FDA approves Eli Lilly & Co.’s blood-thinning drug
ROCKVILLE, Md. The Food and Drug Administration has approved a new blood-thinning drug to prevent heart attacks in patients who undergo angioplasty surgery.
The agency approved Effient (prasugrel), made by Indianapolis-based Eli Lilly & Co. and Tokyo-based Daiichi Sankyo following a 13,608-patient trial comparing it with Sanofi-Aventis’ and Bristol-Myers Squibb’s Plavix (clopidogrel). During the study, the percentage of people who experienced non-fatal heart attacks following angioplasty was 9.1% among those receiving Plavix and 7% among those receiving Effient.
In angioplasty, surgeons use a small balloon to open an artery that has become clogged with plaque, and a wire mesh called a stent is often inserted into the blood vessel to keep the artery open. However, platelets can collect around the area where the surgery takes place, causing clots that can lead to heart attack, stroke and death.
“Effient offers physicians an alternative treatment for preventing dangerous blood clots from forming and causing a heart attack or stroke during or after an angioplasty proceture,” said John Jenkins, director of the Office of New Drugs in the FDA’s Center for Drug Evaluation and Research. “Physicians must carefully weigh the potential benefits and risks of Effient as they decide which patients should receive the drug.”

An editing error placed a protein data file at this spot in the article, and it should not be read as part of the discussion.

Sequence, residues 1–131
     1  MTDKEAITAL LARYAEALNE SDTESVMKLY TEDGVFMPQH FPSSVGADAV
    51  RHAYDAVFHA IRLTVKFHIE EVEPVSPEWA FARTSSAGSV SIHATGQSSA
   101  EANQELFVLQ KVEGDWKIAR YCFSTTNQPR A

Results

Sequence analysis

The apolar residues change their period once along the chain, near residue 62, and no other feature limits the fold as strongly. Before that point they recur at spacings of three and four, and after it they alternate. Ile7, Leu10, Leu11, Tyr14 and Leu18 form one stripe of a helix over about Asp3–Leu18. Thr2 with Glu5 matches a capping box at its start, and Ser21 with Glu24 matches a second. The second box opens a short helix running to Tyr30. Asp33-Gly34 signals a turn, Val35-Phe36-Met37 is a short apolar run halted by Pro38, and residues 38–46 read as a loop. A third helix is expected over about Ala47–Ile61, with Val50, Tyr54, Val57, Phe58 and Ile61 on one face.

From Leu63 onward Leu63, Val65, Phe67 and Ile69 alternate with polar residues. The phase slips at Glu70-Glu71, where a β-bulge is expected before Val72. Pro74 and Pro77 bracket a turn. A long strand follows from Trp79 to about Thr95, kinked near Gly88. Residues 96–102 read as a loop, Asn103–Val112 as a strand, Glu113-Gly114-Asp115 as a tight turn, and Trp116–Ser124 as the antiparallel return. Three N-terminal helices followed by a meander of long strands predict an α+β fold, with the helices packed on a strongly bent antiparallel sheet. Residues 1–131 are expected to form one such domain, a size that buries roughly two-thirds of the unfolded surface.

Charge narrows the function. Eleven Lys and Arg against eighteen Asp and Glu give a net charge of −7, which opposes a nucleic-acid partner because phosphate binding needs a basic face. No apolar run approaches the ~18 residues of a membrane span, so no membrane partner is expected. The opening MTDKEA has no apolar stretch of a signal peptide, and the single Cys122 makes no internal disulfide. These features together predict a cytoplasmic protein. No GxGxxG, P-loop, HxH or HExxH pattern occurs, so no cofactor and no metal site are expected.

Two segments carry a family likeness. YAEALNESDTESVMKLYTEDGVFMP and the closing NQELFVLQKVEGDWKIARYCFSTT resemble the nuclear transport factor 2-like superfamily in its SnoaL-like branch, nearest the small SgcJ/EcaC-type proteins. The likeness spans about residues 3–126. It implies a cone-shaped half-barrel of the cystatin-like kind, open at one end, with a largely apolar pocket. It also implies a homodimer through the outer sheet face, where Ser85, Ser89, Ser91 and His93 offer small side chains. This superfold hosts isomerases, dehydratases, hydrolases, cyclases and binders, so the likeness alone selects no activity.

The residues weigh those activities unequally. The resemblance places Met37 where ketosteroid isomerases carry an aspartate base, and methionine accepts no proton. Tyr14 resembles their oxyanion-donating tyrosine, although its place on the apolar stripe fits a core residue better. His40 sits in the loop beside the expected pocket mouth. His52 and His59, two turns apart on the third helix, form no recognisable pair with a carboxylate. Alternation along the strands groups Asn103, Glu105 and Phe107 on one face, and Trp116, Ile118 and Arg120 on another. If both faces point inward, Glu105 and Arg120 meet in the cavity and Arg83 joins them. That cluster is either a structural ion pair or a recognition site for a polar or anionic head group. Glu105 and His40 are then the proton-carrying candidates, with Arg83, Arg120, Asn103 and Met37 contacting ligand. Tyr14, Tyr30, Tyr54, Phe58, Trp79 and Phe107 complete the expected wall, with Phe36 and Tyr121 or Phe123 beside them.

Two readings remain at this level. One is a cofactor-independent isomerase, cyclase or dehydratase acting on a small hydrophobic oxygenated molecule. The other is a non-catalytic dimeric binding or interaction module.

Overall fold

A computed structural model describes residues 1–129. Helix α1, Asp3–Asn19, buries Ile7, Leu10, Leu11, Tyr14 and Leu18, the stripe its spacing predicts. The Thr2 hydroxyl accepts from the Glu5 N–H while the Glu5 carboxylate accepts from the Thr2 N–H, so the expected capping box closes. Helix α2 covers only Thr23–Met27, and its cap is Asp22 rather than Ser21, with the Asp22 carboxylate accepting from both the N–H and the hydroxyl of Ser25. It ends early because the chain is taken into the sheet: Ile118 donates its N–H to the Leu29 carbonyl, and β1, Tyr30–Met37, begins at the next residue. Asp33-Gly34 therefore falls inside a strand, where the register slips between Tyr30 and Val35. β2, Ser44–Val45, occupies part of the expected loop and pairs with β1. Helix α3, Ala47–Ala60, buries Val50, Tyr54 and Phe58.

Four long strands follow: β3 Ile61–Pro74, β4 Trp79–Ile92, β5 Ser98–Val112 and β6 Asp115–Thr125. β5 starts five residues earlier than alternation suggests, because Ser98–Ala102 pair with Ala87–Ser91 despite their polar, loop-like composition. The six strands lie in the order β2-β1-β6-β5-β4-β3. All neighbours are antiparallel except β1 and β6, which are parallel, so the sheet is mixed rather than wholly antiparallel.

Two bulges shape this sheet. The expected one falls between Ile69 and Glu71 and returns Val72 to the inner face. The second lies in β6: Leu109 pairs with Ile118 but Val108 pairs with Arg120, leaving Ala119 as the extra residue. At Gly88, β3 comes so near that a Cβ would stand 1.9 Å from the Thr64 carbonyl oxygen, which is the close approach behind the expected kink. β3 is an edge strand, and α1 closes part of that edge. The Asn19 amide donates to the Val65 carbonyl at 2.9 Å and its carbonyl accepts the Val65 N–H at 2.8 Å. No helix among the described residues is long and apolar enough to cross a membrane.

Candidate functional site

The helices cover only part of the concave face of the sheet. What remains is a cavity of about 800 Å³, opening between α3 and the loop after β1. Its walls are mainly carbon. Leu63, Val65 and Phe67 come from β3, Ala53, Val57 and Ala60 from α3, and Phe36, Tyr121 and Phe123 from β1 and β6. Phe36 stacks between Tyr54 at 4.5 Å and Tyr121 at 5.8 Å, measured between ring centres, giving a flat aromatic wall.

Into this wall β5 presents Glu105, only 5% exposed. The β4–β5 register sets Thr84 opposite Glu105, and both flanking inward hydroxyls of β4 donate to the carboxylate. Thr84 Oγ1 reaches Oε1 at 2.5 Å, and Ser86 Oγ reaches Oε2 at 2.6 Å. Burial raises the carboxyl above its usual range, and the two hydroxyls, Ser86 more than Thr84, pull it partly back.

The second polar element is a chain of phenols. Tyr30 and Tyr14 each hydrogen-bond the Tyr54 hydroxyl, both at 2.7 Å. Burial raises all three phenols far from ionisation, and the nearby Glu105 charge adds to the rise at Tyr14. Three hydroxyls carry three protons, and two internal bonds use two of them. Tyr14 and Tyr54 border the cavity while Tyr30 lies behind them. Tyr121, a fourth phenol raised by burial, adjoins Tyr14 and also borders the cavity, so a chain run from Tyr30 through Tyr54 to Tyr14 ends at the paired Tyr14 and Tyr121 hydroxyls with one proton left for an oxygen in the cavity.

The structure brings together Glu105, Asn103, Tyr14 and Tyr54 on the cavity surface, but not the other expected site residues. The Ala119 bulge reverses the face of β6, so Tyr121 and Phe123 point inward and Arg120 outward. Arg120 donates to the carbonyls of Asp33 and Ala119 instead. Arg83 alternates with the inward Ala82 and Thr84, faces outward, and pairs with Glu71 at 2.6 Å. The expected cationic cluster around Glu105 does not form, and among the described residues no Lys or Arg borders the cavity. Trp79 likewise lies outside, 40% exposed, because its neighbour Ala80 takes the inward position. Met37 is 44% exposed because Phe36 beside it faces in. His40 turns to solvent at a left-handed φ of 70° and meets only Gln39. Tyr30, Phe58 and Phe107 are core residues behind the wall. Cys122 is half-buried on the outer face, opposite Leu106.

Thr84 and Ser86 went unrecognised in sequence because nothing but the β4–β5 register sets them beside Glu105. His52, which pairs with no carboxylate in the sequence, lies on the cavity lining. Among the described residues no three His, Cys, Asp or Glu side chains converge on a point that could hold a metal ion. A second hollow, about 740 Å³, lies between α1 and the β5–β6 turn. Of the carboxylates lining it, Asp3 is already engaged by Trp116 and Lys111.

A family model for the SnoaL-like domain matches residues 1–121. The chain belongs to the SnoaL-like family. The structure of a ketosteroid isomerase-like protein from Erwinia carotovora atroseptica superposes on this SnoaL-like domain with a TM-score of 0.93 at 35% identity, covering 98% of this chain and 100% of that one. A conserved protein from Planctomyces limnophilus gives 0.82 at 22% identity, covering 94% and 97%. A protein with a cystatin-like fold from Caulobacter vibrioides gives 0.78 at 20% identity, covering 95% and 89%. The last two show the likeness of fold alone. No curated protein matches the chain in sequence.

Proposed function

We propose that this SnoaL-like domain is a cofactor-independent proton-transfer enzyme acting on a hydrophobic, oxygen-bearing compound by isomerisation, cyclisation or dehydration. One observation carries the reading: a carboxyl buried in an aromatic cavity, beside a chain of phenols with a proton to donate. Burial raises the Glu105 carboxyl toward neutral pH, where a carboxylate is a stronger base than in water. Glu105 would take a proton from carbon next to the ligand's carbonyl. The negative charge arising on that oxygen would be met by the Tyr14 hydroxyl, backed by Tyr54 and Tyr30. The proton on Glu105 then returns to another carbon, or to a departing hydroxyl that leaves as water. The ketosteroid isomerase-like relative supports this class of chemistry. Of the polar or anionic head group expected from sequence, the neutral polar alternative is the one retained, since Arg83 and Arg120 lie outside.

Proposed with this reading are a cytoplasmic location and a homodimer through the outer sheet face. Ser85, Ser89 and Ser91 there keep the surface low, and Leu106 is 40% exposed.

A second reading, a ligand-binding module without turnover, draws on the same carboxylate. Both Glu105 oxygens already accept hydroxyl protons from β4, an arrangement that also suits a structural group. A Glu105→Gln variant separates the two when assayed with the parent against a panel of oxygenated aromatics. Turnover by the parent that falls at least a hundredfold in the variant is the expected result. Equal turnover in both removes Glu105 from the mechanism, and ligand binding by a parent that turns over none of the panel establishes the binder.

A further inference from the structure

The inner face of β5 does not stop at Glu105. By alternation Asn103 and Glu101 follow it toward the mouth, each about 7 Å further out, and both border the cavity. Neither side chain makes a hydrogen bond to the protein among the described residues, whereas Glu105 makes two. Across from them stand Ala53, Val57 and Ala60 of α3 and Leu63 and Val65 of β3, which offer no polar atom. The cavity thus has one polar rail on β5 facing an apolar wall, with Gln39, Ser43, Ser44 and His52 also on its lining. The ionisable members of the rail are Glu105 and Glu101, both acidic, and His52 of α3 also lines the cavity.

The drug will carry a boxed warning, the highest level of warning that an FDA-approved drug can carry, alerting physicians to the risk of potentially fatal bleeding among patients who take Effient.
Caraco to acquire rights to several drugs from Forest Labs
NEW YORK Generic drug maker Caraco Pharmaceutical Labs will acquire rights to several drugs from Forest Labs under an asset purchase agreement between the two companies.
Caraco announced the agreement Friday as part of a settlement that it and parent company Sun Pharmaceutical Industries had entered with Forest Labs and Danish drug maker H. Lundbeck concerning Caraco’s regulatory approval application for the anxiety and depression drug Lexapro (escitalopram oxalate). Lundbeck had licensed Lexapro to Forest on an exclusive basis in the United States.
Under the agreement, Caraco will take over commercialization and sale of several products from Forest’s Inwood business, paying Forest an advance against royalties. Meanwhile, Forest will reimburse Caraco for a portion of its legal fees and provide licenses to Caraco for certain Lexapro patents as soon as a third-party generic version with Food and Drug Administration approval hits the market.
Watson Pharmaceuticals gets the OK from FDA for new nicotine polacriliex gum
MORRISTOWN, N.J. Watson Pharmaceuticals, a leader in generic and specialty branded pharmaceuticals, announced its subsidiary, Watson Labs, has been granted approval from the Food and Drug Administration to market its nicotine polacrilex gum.
Nicotine polacrilex gum is the generic equivalent of GlaxoSmithKline Consumer Healthcare’s Nicorette Fruit Chill and Cinnamon Surge Coated gums, all of which are available over-the-counter and used to help people stop smoking.
Watson’s nicotine gum will be available as soon as possible in coated fruit and cinnamon flavors.